Citizens from the US, UK, and EU, among other locations categorized as visa-exempt (Category “A”), do not need a visa to enter Guatemala for up to 90 days.
If you want to extend your stay as a digital nomad in Guatemala beyond those 90 days, you will need to fill out this Tourist Extension Form and go to Guatemala City.
Guatemala Entry Requirements for Visa-Exempt Nomads:
- Passport validity of six months, with one blank passport page
- Onward proof of travel is technically required
- No COVID testing required
Basically, if the above applies to you, all you need to get into Guatemala as a digital nomad is a stamp in your passport.
It’s also important to note that Guatemala is part of the Central America Border Control Agreement (CA-4), which is similar to the Schengen agreement for the European Union.
In short, this means that the day you enter Guatemala or another CA-4 country (El Salvador, Guatemala, Honduras, Nicaragua), you have free movement between those countries for up to 90 days.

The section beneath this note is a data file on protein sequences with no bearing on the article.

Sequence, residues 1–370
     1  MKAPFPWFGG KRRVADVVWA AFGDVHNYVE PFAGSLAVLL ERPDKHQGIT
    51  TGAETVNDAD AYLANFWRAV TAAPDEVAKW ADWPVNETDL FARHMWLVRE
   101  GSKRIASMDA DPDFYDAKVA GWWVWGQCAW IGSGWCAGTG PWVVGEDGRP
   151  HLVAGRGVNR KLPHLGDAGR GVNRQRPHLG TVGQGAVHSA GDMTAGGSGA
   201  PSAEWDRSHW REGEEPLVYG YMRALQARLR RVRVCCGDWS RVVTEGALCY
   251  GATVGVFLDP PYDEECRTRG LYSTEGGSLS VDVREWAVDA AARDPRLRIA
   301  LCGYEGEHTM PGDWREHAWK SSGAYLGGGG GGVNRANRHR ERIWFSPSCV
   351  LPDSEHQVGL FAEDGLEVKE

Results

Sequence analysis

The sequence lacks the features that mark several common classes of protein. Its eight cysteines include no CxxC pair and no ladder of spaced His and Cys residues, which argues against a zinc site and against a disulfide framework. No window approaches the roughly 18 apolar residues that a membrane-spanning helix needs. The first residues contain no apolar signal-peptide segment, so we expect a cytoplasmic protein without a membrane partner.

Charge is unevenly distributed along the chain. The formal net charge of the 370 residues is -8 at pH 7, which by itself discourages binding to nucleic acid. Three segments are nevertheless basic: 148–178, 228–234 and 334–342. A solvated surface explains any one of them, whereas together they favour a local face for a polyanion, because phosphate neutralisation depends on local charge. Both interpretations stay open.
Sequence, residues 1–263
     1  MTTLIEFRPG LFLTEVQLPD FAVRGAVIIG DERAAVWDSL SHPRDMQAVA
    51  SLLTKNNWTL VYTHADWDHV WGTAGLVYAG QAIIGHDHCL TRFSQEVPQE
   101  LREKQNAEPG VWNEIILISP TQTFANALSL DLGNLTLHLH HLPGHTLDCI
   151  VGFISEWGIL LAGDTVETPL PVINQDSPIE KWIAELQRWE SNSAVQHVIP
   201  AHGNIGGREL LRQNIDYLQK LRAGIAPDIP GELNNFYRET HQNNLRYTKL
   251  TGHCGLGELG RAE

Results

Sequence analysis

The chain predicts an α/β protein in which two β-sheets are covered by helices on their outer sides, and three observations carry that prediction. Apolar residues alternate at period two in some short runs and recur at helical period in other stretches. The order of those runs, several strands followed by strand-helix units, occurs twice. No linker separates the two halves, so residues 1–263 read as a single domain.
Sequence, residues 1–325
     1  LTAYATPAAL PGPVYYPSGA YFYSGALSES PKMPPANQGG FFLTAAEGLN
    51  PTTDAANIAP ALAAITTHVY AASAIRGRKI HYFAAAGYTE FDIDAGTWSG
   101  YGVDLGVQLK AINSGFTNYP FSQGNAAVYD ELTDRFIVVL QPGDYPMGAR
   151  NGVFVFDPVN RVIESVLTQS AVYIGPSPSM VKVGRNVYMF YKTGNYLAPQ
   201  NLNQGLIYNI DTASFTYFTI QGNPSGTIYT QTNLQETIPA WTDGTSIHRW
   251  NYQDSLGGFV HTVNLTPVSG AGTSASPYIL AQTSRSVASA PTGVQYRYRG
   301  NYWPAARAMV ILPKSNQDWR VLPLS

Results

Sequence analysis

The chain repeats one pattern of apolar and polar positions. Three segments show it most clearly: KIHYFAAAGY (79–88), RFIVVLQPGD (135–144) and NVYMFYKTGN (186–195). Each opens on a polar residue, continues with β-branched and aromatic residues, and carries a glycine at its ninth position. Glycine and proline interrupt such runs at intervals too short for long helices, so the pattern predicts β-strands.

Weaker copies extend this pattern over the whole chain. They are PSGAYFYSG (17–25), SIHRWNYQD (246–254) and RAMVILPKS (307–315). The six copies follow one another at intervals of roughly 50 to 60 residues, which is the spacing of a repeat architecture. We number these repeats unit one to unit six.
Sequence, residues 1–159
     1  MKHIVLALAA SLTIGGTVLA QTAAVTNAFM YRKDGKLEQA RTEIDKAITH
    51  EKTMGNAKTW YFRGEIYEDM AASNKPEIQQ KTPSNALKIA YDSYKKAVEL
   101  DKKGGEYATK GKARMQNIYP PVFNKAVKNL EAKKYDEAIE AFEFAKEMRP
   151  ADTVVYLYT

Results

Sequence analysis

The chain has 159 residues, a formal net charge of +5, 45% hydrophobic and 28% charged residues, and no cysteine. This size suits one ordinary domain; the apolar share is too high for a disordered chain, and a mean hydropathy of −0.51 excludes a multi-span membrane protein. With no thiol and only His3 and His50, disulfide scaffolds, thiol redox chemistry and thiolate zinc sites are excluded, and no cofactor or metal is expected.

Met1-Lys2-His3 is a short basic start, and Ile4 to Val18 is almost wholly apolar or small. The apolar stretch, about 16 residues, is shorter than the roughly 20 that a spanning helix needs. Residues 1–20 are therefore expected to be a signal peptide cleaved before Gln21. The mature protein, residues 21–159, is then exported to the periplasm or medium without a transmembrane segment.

Lastly, while not required, you should definitely consider getting nomad travel medical insurance to cover your trip! Read more below about medical provisions in Guatemala for tourists.
Healthcare for Digital Nomads in Guatemala
Public and private hospitals are fairly affordable in case you need general medical care or emergency care while traveling in Guatemala.
For routine check-ups, dental cleanings, and anything non-emergency, you could probably pay out of pocket.
For example, in Antigua, I paid $50 USD for a dental cleaning. (I highly recommend Smile Antigua, by the way!)
Services and their costs will vary, of course, depending on where you travel in-country.